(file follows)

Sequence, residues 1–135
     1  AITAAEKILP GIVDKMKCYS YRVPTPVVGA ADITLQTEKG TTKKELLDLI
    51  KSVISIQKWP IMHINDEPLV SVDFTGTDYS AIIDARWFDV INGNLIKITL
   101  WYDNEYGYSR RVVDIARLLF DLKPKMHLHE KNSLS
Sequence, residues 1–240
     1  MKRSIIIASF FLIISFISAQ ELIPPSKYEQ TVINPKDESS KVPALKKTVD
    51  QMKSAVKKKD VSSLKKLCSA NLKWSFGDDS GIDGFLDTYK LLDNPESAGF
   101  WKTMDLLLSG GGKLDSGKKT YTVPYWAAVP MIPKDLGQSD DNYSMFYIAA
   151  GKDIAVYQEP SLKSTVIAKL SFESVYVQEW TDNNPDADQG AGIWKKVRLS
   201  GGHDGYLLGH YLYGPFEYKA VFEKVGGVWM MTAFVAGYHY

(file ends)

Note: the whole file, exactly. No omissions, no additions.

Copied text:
Sequence, residues 1–135
     1  AITAAEKILP GIVDKMKCYS YRVPTPVVGA ADITLQTEKG TTKKELLDLI
    51  KSVISIQKWP IMHINDEPLV SVDFTGTDYS AIIDARWFDV INGNLIKITL
   101  WYDNEYGYSR RVVDIARLLF DLKPKMHLHE KNSLS
Sequence, residues 1–240
     1  MKRSIIIASF FLIISFISAQ ELIPPSKYEQ TVINPKDESS KVPALKKTVD
    51  QMKSAVKKKD VSSLKKLCSA NLKWSFGDDS GIDGFLDTYK LLDNPESAGF
   101  WKTMDLLLSG GGKLDSGKKT YTVPYWAAVP MIPKDLGQSD DNYSMFYIAA
   151  GKDIAVYQEP SLKSTVIAKL SFESVYVQEW TDNNPDADQG AGIWKKVRLS
   201  GGHDGYLLGH YLYGPFEYKA VFEKVGGVWM MTAFVAGYHY